Floating Hierarchies

Josiah Rushing, Fulbright Advanced Student 2016-17, Conservatoire de Lyon

My first exposure to Herbert Brun was in a Percussion Literature course during my years in Cincinnati. The class met every Tuesday night from 6-8PM. These two hours gave us students a snapshot of our professor’s thought-life: a string of tangents that only find their relevance to each other if you’re patient enough to wait and listen (which sometimes took weeks, semesters, or years).  I hold these sessions dear to my heart and soul because this professor exposed us to a variety of thoughts, questions, and music that I would never come upon anywhere else. It was in one of these Tuesday nights that the professor brought a book in his usual collection of vintage suitcases entitled my words and where I want them by Herbert Brun: a kind of “book of proverbs.” I have been deeply inspired by Brun’s words and music since that night.

As a part of my Fulbright project, I performed Brun’s Floating Hierarchies as a project with the Laboratoire Scène Recherche at the National Music Conservatory in Lyon (CNSMDL). I won’t take the time to explain all of the details of how this piece works. However, there are two important things to note for the purpose of my story. First,  the piece requires each performer to compose/interpret a graphic score (the use of images instead traditional music notation). Second, to understand Brun’s concept of floating hiearchies:

To love beyond

comparison

is in keeping with the image of floating

hierarchies, where the playful dance of

centers transcends the relativity of

observed levels.

– Herbert Brun (#240 from my words and where I want them)

Being very convicted by the philosophy of this piece, I made it my priority to maintain this collaborative atmosphere and destabilize any sense of centralized power: to sustain the floating hierarchies. Up until the last two weeks of the performance, my fellow COINERS (Brun’s abrevation for COmposing INterpreting performERS) had not really felt confident in the process of interpreting these kinds of scores, since it was there first time participating in a project like this. Two “problems” arose as time passed. First, some of my fellow COINERS’ eventual proposals, in my opinion, did not align with the Brun’s guidelines. Second, the piece was being performed in a collaborative concert between Lyon 2 (one of the universities in Lyon) and CNSMD. I began to see this as a problem not so much because it exceeded Brun’s “limit” of three or four musicians, but because we did not have the time to allow each participant to create their own interpretation. This inherently meant that these additional participants would not have the opportunity to share the power by creating their own realizations of the score and other shared decisions.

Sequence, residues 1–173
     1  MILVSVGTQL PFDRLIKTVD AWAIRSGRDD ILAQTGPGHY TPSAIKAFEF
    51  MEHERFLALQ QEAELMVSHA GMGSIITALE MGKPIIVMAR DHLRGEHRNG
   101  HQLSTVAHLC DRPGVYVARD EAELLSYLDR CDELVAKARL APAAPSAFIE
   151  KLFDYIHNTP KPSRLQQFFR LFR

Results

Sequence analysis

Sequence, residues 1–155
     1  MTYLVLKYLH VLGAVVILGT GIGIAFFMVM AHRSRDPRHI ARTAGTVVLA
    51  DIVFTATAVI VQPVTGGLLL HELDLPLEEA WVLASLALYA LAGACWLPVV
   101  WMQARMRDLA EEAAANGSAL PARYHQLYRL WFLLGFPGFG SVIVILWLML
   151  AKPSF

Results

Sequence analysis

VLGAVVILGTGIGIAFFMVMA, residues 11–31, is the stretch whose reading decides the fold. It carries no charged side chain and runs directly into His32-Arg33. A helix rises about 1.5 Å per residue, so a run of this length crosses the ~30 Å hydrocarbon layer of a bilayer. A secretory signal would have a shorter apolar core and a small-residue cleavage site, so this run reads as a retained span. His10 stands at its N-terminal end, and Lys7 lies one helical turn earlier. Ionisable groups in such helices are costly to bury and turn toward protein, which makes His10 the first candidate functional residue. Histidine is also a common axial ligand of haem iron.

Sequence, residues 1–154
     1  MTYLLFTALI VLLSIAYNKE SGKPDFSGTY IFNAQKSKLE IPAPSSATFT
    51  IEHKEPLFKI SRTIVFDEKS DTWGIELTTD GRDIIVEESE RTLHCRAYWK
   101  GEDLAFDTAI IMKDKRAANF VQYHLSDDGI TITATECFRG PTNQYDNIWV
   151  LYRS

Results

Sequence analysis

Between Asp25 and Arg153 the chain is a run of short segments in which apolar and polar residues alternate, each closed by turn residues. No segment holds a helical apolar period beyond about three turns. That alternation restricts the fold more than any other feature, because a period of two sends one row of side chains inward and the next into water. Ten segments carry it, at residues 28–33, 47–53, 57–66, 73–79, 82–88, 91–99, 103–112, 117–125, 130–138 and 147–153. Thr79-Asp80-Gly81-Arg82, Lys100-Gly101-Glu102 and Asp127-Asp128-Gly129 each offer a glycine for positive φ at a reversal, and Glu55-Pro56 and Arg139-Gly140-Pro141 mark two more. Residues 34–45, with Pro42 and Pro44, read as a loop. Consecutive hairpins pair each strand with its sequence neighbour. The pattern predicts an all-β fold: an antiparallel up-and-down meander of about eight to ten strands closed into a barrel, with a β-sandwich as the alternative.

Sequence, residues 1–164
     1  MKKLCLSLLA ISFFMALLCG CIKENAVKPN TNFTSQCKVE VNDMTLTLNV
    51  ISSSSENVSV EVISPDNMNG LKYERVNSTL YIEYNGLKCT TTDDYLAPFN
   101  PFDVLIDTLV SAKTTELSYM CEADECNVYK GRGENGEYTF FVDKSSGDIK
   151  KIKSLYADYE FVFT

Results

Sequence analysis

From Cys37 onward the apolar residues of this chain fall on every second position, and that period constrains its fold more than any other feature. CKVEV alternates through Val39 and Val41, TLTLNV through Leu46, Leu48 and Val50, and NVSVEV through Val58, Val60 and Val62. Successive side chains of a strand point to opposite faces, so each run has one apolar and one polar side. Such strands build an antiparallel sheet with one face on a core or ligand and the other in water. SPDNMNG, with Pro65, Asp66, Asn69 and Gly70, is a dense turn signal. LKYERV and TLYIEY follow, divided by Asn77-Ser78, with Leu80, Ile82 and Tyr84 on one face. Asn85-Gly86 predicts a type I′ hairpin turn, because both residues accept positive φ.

Furthermore, the growing confidence of the other COINers and the addition of other musicians made me feel as if I was loosing control of the project. This realization struck me as encouraging and disconcerting. It was encouraging in the sense that I had done my job in cultivating a true sense of floating hierarchies. The group I had initially formed became comfortable with creating within this social structure of decentralized power. However, this sense of loosing control meant that I, at some point, assumed a kind of absolute power. Their ideas began to conflict with my idea of the piece and, somewhere inside of me, I had a problem with that.

So, I had choices to make. Would I assume a kind of absolute power to discourage certain interpretations (thus destroying the floating hierarchies)? Would I deny the opportunity for additional musicians to have a hands-on experience with a piece of American culture (which is one of the reasons I am here as a Fulbrighter)? Would I stay true to the philosophy of the piece even though that would mean going against some of Brun’s other directions?

I decided to let go. Not to be any less invested, but simply to let go of whatever power I had attached to my space of this floating hierarchy. It turned out to be a great performance of the work, but most of all a great growing experience for all creative voices involved.

Such musical spaces allow me to create my own Tuesday night from 6-8PM: a representation to go beyond my own intellectual, emotional, and spiritual capacity. Such musical spaces allow audiences and musicians to share ideas, music, and unanswered questions. Such musical spaces allow us to learn to love beyond comparison…

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